January is prediction season, and here at Fort Pitt we like to demonstrate that we’re at least thinking about the economic future, even if we’re really not able to do much about it. Investing is about positioning one’s portfolio for the best possible outcome given both available returns and the (seemingly endless) risks that conspire to yank those returns back to earth. With this in mind, we thought we’d summarize what we see for both the US economy and stock market in the New Year.
First the economy. Weak is, again, the word. Not acutely weak, as in recession, but more chronically weak, as in the “half-baked” variety we’ve described over the past several years. US Gross Domestic Product (GDP) in 2016 is likely to plod along at the 2 percent growth rate seen for the last 6 years (see chart).
And for the next few months at least, risks appear skewed to the downside. Energy companies continue to aggressively cut their capital spending budgets after the collapse in oil prices. The US drilling rig count has fallen by 70 percent since June of 2014, according to BakerHughes, Inc. Chemical, steel and non-ferrous metal manufacturers are suffering from ongoing slowdown in China. In addition, the benefits from lower energy prices have yet to be fully realized by consumers. Higher medical costs have negated cheap oil and gas for millions of households, as spending remains impaired by higher deductibles and copays for medical insurance. As a result, we’ve experienced much of the economic downside and not much of the upside since oil peaked nearly 2 years ago. If medical costs simply level off, the big drop in energy costs will finally shine through for the majority of US consumers and businesses. Domestic automakers are already seeing it, as US light vehicle sales hit a 17 million seasonally-adjusted annual rate in December (see chart).
Even more critically for the Big Three domestic nameplates (GM, Ford and Chrysler), a big chunk of the recent sales growth is coming from hyper-profitable trucks and SUVs. Overall consumer balance sheets are in decent shape as well. Disappearing interest rates have driven debt service costs as a percentage of disposable income to 30-year lows (see chart).
All in, there’s no denying that the industrial side of the economy has faltered since autumn, mostly due to ongoing pain in the energy patch. But the consumer is still in the game. Jobs are plentiful, home prices continue to recover and confidence is holding at multi-year highs. A mixed picture for sure, but certainly not the dark portrait of systemic financial failure of 8 years ago.
Which brings us to the stock market. We cannot emphasize enough that today is NOT 2008, no matter how many times the gloomers and doomers blog, email and tweet about it. Human investors (of which there seem to be fewer and fewer each year—a topic for another day) suffer from something called “recency bias.” This is the tendency to give greater emotional and cognitive weight to events in the recent past, rather than those more distant. Thus the 2008 crash looms larger in our collective investing conscience, and we naturally fear a repeat. But a quick glance at basic financial fundamentals tells us we’re just not set up for it. Exhibit A is the banks—ground zero for the problems last time around. US commercial banks are in far better condition today than 2008. Federal Reserve data show that US banks are far better capitalized, have trillions more dollars in short-term reserves and loan loss provisions so robust their auditors are reluctant to allow further increases. In short, they’re flush, and ready to lend into a downturn rather than close up shop like they were in 2008.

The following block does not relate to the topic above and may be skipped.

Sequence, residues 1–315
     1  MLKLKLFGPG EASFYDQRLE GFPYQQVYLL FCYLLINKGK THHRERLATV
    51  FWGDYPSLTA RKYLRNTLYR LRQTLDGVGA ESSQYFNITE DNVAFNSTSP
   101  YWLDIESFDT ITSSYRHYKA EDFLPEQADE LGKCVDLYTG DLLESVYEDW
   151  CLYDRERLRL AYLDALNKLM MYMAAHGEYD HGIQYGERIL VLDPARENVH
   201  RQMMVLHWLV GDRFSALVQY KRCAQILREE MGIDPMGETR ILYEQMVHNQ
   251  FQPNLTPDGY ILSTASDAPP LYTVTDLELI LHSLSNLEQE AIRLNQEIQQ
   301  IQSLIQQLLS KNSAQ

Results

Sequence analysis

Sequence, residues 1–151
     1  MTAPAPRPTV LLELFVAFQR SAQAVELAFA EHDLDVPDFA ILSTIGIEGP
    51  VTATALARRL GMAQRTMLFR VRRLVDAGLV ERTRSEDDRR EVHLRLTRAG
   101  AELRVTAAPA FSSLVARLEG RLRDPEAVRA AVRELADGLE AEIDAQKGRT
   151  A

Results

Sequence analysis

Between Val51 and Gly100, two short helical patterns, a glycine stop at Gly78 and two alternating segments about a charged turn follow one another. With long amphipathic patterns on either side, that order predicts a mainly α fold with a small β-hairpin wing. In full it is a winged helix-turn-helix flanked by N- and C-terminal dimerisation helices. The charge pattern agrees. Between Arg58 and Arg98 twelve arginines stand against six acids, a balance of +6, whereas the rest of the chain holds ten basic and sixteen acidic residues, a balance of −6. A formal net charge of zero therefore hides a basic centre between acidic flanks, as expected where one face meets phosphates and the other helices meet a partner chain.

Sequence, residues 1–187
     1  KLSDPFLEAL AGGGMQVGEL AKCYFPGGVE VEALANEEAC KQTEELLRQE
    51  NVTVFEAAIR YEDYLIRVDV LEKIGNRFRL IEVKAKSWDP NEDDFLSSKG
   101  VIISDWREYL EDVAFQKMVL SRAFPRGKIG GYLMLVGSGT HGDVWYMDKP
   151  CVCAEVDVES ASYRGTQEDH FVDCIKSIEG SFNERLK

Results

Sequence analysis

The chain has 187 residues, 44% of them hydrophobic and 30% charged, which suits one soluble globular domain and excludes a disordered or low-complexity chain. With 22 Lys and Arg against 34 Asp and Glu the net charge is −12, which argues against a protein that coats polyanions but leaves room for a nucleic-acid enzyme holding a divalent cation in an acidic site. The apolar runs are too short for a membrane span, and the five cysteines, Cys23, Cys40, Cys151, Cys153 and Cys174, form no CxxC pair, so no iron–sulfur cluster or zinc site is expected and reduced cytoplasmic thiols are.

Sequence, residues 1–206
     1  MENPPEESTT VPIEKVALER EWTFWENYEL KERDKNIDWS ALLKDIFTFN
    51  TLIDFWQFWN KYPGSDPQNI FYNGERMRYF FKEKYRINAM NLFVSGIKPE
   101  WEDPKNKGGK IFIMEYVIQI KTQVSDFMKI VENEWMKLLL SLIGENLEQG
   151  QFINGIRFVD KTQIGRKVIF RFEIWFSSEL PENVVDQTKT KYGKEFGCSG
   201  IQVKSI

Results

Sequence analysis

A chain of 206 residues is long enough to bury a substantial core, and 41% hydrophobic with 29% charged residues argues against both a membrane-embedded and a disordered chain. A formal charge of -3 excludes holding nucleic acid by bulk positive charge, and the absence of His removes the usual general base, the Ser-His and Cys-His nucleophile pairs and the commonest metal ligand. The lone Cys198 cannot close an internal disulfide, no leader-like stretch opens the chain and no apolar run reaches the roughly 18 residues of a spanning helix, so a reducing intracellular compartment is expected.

Exhibit B is the magnitude of any potential problem. Granted, the pain this time around in the energy patch is severe. Oil is down over 70 percent in 18 months. But could this collapse bring down the whole US financial system, as occurred 8 years ago? The answer is no, and the reason why goes to the issue of magnitude. There simply is not enough energy debt outstanding, even if it all went bad, to drag down the system. According to data compiled by FactSet, the aggregate net debt of U.S. oil and gas producers at the end of June 2015 was $169 billion.
This compares with over $1.5 trillion of questionable mortgage debt outstanding at the end of 2007, a difference of nearly 10X. The financial troubles from weak oil are severe, particularly in places like Mexico and Brazil, where broad energy dependence is much greater. Over time, some of this overseas pain may bleed into domestic banks, but in the end the problem is simply not big enough to bring down the entire system.
Bottom line: continued choppiness in economic trends for the year, with 1.5 to 2 percent growth a good bet. General consumer health offsets energy and industrial weakness, and the stock market marks time until lower oil prices flow through to the broader economy. Finally, no replay of the 2008 mess—no matter what the Twittersphere says!